Ultimately, you have to have a process for hiring. Just like your sales process, framing a door, booking a patient, or wiring a house. There are certain principles to use and can be adjusted for the job you need done. But when you start short-cutting the process, you start short-cutting your results.
is a business coach and consultant that works with business owners and managers to create momentum in their business with strategies and tactics that they can implement today. These strategies are based on the five building blocks of business: Marketing, Leadership, Operations, Finance and Systems.

Succesful Entrepreneur from small beginnings

The Richard Branson Success Model

By | Follow-through, Hiring, Leverage, Motivation | No Comments

Succesful Entrepreneur from small beginnings

Recently, global sentiment towards entrepreneurs and businessmen/women has become jealous and antagonistic. This antagonism towards business owners is not as strong towards the struggling business owner, but more towards those individuals who build successful businesses.

One target of this growing sentiment is Sir Richard Branson.

While he lives on his own island, hangs out with supermodels and actors, and gives billions to charities, he wasn’t born into such wealth and fame.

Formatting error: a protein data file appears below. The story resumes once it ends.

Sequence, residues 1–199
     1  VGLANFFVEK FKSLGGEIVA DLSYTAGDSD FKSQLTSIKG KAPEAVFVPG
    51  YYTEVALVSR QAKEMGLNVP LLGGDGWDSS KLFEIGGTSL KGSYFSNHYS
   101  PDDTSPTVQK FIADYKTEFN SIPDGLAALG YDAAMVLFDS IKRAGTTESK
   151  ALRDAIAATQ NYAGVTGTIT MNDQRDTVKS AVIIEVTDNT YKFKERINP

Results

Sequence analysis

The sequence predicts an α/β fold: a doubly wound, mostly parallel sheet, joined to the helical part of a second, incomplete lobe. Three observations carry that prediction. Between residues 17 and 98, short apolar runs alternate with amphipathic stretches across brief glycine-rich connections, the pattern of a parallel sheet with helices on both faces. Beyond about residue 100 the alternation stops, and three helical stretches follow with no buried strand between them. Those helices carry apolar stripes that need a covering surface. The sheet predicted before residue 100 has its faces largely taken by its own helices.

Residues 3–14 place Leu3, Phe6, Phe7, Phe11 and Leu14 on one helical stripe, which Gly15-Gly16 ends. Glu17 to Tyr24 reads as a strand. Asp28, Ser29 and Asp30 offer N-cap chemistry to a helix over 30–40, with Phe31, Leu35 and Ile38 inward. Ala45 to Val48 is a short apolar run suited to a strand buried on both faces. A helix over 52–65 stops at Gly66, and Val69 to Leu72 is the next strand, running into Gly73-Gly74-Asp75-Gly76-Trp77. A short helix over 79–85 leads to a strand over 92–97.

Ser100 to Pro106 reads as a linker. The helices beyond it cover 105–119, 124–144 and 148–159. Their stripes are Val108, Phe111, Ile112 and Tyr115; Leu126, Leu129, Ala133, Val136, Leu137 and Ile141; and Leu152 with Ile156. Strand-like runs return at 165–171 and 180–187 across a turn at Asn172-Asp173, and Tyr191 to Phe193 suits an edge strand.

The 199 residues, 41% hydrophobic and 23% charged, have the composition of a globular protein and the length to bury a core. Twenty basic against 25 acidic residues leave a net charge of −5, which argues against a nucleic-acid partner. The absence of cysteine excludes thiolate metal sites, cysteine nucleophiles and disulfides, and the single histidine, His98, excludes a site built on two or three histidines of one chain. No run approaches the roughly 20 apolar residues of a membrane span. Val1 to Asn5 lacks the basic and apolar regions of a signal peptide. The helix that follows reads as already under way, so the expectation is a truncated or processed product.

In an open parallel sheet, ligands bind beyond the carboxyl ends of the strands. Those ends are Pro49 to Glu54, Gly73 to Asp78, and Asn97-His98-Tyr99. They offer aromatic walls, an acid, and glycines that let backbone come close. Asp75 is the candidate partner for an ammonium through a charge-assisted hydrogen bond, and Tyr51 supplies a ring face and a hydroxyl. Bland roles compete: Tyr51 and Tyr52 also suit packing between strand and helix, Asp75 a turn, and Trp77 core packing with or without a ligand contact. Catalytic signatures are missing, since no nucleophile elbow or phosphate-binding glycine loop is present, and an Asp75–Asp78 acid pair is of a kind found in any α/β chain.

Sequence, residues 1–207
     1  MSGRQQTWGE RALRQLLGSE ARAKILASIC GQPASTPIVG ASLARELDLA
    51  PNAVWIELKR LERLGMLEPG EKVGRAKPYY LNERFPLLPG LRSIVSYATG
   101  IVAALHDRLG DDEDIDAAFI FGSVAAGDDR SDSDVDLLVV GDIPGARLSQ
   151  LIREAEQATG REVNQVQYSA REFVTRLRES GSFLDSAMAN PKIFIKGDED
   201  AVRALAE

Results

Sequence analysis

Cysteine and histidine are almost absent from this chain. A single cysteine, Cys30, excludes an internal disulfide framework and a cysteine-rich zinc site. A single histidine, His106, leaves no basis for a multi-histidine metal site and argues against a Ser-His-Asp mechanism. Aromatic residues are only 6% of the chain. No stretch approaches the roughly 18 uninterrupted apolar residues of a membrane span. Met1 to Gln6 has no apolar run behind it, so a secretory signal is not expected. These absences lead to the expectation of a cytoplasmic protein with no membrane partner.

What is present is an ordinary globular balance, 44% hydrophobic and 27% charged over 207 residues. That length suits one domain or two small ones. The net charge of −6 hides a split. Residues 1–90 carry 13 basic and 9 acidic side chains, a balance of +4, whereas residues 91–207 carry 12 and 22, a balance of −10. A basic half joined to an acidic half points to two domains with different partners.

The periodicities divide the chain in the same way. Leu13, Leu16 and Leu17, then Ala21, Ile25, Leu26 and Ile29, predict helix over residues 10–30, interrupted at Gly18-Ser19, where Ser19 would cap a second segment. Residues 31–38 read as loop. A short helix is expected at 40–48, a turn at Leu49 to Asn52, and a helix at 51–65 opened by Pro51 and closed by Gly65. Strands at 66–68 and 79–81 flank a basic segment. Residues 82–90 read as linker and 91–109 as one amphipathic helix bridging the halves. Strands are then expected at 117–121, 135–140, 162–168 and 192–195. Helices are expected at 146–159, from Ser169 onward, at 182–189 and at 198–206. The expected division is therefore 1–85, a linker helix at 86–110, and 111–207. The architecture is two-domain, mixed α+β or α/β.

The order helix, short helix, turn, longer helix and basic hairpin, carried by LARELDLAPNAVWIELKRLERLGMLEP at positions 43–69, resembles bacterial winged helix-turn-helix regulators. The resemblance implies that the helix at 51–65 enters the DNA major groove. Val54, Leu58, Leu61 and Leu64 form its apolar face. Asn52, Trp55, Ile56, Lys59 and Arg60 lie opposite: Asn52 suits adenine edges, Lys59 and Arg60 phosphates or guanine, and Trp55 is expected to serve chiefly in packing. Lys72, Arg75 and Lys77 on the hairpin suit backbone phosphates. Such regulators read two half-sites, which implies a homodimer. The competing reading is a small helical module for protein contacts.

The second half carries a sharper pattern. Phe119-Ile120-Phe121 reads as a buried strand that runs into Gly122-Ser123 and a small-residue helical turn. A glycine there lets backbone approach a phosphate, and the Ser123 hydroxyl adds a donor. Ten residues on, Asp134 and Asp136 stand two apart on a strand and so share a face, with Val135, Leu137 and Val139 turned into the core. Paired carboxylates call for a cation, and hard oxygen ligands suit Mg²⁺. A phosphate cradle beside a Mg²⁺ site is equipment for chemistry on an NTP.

You probably wouldn’t have guessed that he would become the 4th richest citizen of the United Kingdom when he started his first business at 16 – a newsletter called “The Student.” About four years later, he started mail-order album sales in two years opened a record store.

Since starting the simple newsletter at 16, Richard Branson has created an international empire with successful businesses in music, airlines, mobile phones, banking, alternative fuels, space tourism, and hundreds of other investments.

So what is it about Richard Branson that separates him from every other person who starts a business?

Find a Need and Fill It – “There is no point in starting your own business unless you do it out of a sense of frustration.” His newsletter hit a segment of the market that no one was providing. His success in music was selling records (first by mail-order and then in his own chain of stores) was being able to sell records at a deeply discounted price and still bring a profit. He signed talented bands that no one else wanted to take a chance on.

Start Small – “A business can be started with very little money.” Sir Richard’s business seed-money came from the proceeds from an unclaimed necklace that his mother found.  His record stores had very little “upper management” as he gave low-level employees responsibility and created a culture of competition for success.

Dream Big – “My interest in life comes from setting myself huge, apparently unachievable challenges and trying to rise above them … from the perspective of wanting to live life to the full, I felt that I had to attempt it.” Who would think that a 21yr old could start a record label? Or an airline that would compete with some of the biggest airlines in the world? How about starting a space tourism company?